In discussing Peter’s role at the department, I asked him how they went about implementing virtualising their systems. Peter pointed out “what we have been doing for a time, is the virtualisation our physical assets bit by bit”. The department had adopted a strategy which included a six-month review of all assets as they came to end of life”. Peter would review these assets, doing one of three things. One, if the asset was not needed the department would decommission and move on. Two, if the systems was needed it would be reviewed to see if it could be virtualized. If the answer was yes, then it would be added to the farm, decommissioning the old equipment. Doing this has lessened our overall costs, providing a more standard practices in managing and supporting this infrastructure. The department has reached close to 80-90% of the department’s infrastructure has been virtualized. Third, rarely where we do need to keep the infrastructure, we would then buy a replacement. Overtime this has been lessening. Peter said, “In total we have some 700 servers, a vast majority of them are nonproduction”. They consist of development, test and preproduction. “We have about 200 production servers, delivering all the services to the department”.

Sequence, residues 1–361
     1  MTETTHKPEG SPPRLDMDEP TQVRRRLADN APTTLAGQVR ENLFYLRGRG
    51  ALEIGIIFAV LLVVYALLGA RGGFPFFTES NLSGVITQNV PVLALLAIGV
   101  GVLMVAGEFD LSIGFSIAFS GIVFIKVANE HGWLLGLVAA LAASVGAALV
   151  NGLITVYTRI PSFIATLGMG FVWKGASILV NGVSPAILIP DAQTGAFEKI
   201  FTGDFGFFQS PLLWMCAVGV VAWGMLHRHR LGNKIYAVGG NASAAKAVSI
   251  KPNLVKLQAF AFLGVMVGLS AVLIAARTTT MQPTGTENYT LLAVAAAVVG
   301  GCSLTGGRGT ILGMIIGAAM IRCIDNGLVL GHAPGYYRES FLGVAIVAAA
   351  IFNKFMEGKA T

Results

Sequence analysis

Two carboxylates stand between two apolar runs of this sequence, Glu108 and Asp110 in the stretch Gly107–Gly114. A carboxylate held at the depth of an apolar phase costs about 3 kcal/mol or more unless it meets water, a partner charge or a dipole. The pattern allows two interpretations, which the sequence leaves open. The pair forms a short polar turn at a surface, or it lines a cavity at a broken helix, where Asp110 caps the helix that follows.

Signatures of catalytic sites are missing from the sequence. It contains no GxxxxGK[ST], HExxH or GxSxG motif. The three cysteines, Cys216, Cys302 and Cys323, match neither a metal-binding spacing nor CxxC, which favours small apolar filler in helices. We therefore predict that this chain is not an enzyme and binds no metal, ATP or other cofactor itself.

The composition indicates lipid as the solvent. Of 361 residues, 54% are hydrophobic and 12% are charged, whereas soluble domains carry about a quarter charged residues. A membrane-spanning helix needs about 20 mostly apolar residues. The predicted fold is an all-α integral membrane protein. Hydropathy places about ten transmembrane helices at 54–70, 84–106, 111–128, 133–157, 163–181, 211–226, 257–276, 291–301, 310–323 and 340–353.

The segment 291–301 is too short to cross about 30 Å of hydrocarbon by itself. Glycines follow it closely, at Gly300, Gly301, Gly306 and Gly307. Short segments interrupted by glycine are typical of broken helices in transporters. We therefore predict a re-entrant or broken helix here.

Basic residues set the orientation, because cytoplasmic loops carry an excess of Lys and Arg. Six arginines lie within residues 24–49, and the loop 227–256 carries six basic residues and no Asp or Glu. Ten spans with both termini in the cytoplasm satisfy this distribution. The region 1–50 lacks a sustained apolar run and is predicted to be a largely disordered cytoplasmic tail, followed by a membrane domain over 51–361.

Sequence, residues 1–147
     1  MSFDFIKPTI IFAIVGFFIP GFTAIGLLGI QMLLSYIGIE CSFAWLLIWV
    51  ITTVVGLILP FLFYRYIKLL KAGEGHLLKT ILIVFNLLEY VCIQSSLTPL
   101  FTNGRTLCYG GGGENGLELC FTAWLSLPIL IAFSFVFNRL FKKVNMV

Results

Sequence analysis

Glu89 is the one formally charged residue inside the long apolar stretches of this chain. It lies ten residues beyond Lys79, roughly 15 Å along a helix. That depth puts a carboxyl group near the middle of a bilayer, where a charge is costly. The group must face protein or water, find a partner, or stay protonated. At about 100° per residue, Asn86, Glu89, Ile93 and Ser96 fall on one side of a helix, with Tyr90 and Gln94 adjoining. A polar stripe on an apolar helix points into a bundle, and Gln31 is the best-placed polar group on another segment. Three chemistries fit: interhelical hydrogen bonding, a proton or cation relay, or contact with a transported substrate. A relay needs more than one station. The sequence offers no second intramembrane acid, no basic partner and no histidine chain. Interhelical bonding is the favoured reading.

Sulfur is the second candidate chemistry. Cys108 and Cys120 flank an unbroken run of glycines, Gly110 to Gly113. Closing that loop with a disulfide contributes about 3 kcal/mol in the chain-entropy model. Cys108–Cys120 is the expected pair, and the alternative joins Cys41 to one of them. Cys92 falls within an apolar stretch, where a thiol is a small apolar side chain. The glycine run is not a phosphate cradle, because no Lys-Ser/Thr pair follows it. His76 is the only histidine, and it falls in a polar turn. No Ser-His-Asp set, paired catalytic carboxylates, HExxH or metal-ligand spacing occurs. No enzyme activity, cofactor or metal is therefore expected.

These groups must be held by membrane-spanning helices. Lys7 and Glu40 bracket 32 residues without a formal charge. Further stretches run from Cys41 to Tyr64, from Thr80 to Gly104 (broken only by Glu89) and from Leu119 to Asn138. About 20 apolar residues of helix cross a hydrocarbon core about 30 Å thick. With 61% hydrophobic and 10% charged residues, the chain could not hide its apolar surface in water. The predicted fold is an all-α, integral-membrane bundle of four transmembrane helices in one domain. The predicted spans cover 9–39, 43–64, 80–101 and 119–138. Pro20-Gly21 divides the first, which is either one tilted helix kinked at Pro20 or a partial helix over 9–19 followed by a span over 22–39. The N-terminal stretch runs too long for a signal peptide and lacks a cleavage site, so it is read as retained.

Biggest Advantage to the Department
One of the biggest advantages the department has benefited from, was an offer from one of their suppliers. It was upgrading all their enterprise servers to a data centre Operating System. This enabled Peter to roll out unlimited virtual servers for no added cost to the department. The adoption of virtualizing of servers was carried out in a more aggressive manner. Western Australian Government has an arrangement with their suppliers with a whole of Government agreement.